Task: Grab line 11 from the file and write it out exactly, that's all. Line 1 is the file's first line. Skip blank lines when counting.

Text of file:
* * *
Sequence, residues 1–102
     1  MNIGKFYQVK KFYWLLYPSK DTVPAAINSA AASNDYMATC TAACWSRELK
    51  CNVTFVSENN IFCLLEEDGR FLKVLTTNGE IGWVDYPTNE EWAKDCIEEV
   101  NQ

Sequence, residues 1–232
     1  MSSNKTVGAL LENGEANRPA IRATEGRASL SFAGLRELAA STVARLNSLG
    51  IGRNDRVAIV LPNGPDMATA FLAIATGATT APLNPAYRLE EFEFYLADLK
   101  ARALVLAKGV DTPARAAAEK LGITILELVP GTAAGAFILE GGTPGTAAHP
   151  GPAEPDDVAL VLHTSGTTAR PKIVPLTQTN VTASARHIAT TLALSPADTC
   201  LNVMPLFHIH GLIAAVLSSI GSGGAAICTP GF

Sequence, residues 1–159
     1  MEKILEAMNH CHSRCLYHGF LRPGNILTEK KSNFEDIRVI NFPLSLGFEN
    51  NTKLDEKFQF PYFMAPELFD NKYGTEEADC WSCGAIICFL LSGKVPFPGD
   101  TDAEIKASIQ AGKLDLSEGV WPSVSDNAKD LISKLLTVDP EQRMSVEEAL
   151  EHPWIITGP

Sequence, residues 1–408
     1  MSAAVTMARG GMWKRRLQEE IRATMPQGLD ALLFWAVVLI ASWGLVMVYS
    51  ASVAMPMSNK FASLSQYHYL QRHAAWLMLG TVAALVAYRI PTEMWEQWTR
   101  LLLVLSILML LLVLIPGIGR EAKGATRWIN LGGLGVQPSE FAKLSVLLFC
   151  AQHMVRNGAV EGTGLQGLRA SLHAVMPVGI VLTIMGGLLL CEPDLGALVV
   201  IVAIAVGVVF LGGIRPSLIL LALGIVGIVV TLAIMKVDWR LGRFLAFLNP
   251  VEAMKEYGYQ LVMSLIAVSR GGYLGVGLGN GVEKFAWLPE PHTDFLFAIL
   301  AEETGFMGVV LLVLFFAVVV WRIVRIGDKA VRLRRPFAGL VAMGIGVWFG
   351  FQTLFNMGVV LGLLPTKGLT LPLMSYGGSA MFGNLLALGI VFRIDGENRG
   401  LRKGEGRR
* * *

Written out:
Sequence, residues 1–159